Growing in Agriculture: Tell the feds states do it best
Water is vital to all South Dakotans, especially those working in agriculture. Together with our South Dakota Department of Environment and Natural Resources (DENR), South Dakota farm and ranch families have a long history of managing the water we use, yet the Environmental Protection Agency (EPA) and US Army Corps of Engineers (Corps) seem to think they know better. These federal agencies recently proposed a rule, http://www2.epa.gov/uswaters, defining certain waters known as “waters of the United States” which are subject to protection under the Clean Water Act (CWA).
The rule significantly expands EPA and the Corps’ reach in an area the states should have primary authority – water use and regulation. These agencies should abandon this proposed rule and instead work with state agencies to craft a more appropriate definition.
EPA and the Corps could have authority over water bodies not currently considered “waters of the United States,” such as wetlands, intermittent and ephemeral streams, some types of man-made ditches, subsurface water, and even areas that are dry most of the time. The proposed rule could subject landowners to significant restrictions and permitting requirements for farming activities in or around these designated areas, as well as substantial liability for CWA violations.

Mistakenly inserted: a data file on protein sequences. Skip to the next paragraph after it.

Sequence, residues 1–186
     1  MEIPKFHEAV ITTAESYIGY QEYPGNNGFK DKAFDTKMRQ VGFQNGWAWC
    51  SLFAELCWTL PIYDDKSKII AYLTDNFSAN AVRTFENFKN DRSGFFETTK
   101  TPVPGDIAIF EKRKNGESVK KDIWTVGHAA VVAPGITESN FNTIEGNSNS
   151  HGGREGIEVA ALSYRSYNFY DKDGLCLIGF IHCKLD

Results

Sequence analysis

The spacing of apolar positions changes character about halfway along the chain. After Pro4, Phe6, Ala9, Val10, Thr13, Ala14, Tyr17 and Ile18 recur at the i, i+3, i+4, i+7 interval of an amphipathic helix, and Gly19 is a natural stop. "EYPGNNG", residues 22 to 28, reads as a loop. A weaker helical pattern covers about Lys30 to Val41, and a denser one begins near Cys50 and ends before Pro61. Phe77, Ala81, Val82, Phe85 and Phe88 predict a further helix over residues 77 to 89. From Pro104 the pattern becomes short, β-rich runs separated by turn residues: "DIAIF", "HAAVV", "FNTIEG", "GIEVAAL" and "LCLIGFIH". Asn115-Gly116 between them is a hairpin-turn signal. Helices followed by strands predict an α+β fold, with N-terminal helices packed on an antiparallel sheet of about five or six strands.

The U.S. House Committee on Science, Space, and Technology recently released maps obtained from the EPA that show locations and flow patterns of many of the nation’s waterways. To view, please visit http://science.house.gov and search for “EPA maps”. The EPA claims that the proposed rule will not result in an expansion of its jurisdiction, yet a glance at the maps released for South Dakota show the vast majority of the state is covered in wetlands and intermittent and ephemeral streams – all water features included in the proposed definition. While the EPA insists that the maps are not for use in identifying waters falling under CWA jurisdiction as “waters of the United States”, the confusion caused by the maps is yet another reason the agencies should abandon the proposed rule.
At the recent National Association of State Departments of Agriculture (NASDA) annual conference, I joined agriculture secretaries, commissioners, and directors from other states in unanimously calling on the EPA and the Corps to withdraw the proposed rule. The action item we passed also urges these agencies to collaborate with state departments of agriculture and other stakeholders on the appropriate scope of federal CWA jurisdiction.
We have worked with the DENR and other state departments to prepare official comments on this proposed rule. You also have an opportunity to weigh in. It is critical that you stand up for your farm or ranch by submitting comments. Most importantly, please describe how this rule will directly impact your operation. To submit comments, visit http://regulations.gov and search for “Clean Water Act, Definitions: Waters of the United States”. Deadline to submit comments is Friday, November 14, 2014.
I’m proud of our farmers and ranchers who are committed to being good stewards of our water. Join me in sending the EPA and the Corps a clear message that the people of South Dakota know more about protecting our water than any agency in Washington, D.C.